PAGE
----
Preparing for a flood event
  • Last updated:
  • 08 Sep 2021

Prior to a flood event, flood mapping and information is used to help inform emergency preparedness planning. The mapping helps promote community awareness and supports education programs e.g. Get Ready campaign. This aims to increase individual and household preparedness, as well as businesses continuity planning. It also provides situational awareness for disaster response personnel.

Community awareness and education

Updated flood mapping helps the community to understand how flooding and overland flow may affect aspects of their everyday life, at home, at work, at school or on the road. Understanding and acting on this information helps build a strong and resilient community.

Historically, most Queensland towns and communities were established on or near a floodplain. As a result flooding is likely. With this in mind, understanding flood risks to your property and your local area, will help build community resilience to possible flood events.

Disaster Hub

Disaster Hub is an information portal developed by council. It services the community during disaster events. It also helps build community emergency preparedness for events like flooding, all year round. 

Council’s emergency preparedness flood mapping can be accessed via Disaster Hub

Responding to the Queensland Floods Commission of Inquiry (the Inquiry) recommendations

The updated flood mapping and information responds to the Inquiry’s recommendation that local governments provide risk-based mapping to residents and professionals. This mapping will enable these groups to more clearly know, prepare for and manage flood risk.

Emergency preparedness flood mapping products

Riverine flood maps (minor, moderate, major and extreme flood events)

Riverine flood maps show residents the effect of widespread and prolonged rainfall over a large catchment area. Riverine flood events may cause elevated water levels in our rivers and creeks for several days. Flash flooding can also occur following intense localised rainfall and with little warning.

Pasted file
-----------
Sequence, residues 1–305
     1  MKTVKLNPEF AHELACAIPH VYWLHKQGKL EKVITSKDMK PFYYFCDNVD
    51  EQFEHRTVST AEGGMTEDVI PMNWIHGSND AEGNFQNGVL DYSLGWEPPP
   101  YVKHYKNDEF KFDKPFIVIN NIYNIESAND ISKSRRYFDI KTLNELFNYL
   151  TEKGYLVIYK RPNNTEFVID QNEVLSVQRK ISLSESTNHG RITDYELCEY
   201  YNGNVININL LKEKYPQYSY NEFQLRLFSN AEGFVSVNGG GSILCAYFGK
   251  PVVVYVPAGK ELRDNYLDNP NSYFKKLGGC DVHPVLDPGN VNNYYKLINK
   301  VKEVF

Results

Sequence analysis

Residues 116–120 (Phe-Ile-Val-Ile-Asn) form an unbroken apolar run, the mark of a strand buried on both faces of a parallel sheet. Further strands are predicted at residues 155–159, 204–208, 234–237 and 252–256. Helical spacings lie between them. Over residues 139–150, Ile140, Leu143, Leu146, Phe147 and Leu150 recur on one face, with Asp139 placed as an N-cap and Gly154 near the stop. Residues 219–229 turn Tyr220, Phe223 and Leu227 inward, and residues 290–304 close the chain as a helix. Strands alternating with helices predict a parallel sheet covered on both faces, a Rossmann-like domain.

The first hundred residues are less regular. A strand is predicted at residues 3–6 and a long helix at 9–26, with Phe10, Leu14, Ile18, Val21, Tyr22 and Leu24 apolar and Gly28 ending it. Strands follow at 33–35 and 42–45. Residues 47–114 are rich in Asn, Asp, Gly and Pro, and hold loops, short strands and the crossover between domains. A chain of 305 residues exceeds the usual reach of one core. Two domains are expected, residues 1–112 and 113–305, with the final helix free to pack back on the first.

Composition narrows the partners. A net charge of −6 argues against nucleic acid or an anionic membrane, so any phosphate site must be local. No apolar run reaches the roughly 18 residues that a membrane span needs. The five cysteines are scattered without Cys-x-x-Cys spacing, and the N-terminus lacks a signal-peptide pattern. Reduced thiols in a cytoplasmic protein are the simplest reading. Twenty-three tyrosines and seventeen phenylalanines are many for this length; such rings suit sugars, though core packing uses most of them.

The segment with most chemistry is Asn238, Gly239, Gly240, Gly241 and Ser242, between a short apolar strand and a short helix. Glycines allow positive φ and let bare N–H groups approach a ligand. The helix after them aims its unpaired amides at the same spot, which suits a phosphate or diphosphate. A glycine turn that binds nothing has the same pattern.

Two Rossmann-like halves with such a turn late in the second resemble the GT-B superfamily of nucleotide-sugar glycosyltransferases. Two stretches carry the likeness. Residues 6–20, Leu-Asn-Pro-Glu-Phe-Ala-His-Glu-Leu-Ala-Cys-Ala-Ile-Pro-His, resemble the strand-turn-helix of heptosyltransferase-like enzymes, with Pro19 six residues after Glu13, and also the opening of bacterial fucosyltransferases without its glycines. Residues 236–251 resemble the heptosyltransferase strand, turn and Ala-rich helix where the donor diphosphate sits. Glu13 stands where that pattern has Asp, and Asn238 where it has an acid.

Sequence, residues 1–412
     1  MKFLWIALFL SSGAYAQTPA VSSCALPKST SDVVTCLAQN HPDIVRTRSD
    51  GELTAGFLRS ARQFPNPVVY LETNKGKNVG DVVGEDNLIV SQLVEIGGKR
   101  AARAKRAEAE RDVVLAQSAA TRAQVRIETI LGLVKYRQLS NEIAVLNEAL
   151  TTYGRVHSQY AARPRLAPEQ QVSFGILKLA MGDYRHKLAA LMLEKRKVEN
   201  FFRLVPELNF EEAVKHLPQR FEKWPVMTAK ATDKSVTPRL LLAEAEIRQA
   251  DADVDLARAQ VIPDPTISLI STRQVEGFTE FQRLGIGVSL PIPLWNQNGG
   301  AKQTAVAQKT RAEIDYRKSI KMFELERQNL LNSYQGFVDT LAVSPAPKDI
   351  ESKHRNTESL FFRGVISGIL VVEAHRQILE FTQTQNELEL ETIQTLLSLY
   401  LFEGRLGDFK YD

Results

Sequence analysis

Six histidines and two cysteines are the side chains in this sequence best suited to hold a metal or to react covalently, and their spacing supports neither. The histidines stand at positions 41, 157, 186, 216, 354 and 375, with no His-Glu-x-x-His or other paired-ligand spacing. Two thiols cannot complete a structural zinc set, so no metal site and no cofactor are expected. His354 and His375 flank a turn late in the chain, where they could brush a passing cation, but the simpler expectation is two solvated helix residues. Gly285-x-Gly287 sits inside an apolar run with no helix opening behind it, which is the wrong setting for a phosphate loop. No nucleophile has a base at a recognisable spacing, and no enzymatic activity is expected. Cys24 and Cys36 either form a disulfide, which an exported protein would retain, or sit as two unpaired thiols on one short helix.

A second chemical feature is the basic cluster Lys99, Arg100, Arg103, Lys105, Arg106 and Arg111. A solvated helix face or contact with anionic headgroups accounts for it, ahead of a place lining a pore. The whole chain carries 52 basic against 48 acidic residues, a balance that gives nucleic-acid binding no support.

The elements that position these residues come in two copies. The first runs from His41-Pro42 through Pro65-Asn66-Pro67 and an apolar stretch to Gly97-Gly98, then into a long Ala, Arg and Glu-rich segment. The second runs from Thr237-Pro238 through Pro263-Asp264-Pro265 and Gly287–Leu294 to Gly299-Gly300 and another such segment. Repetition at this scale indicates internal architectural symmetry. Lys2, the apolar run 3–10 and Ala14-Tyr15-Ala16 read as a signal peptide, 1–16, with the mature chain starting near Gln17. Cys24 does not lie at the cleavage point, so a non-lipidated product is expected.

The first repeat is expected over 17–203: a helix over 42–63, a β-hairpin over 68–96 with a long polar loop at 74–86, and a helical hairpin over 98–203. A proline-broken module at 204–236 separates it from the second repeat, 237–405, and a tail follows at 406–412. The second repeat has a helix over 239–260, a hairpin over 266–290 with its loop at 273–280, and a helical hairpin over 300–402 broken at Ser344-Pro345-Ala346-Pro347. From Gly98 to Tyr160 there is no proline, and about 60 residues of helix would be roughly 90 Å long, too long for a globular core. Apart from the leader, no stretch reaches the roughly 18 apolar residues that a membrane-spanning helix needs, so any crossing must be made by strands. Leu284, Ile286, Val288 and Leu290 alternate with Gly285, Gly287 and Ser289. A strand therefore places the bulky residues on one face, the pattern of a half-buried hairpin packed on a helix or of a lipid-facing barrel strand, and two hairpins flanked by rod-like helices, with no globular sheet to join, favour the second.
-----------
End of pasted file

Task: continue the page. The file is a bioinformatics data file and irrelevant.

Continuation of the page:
These maps provide an estimate of how and where water will rise during a flood event. This information is important for emergency preparedness as it assists with disaster management and planning, for both council and our community.

The mapping is divided into four categories to represent likelihood and flood risk. 

Flood Likelihood Minor Moderate Major Extreme
Annually 40% 10% 1% 0.05%
Over 70 years 100% 99.9% 50% 3%

The following diagram shows how the riverine flooding categories compare to flood events that have occurred in our region in the past.

diagram illustrating flooding classifications

Storm tide maps (storm surge maps)

This mapping presents surge heights above the Highest Astronomical Tide. It shows the effects of additional surges from the ocean during meteorological (storm) conditions.

This information is important for emergency preparedness. It assists with disaster management and planning, for both council and the community.

What you can do

As storm season approaches, it’s a good time to go online and check your property using our Emergency Preparedness mapping.

Residents are encouraged to look at the locations where

  • they live
  • they work
  • friends and family members may go to school.

Look at how flooding affects the routes often travelled. It’s important to have a backup plan or know the alternative routes you can take.

Think about how your property might be affected by different flood events. Consider any changes you might need to make to prepare for flooding now or in the future. Increase your own resilience.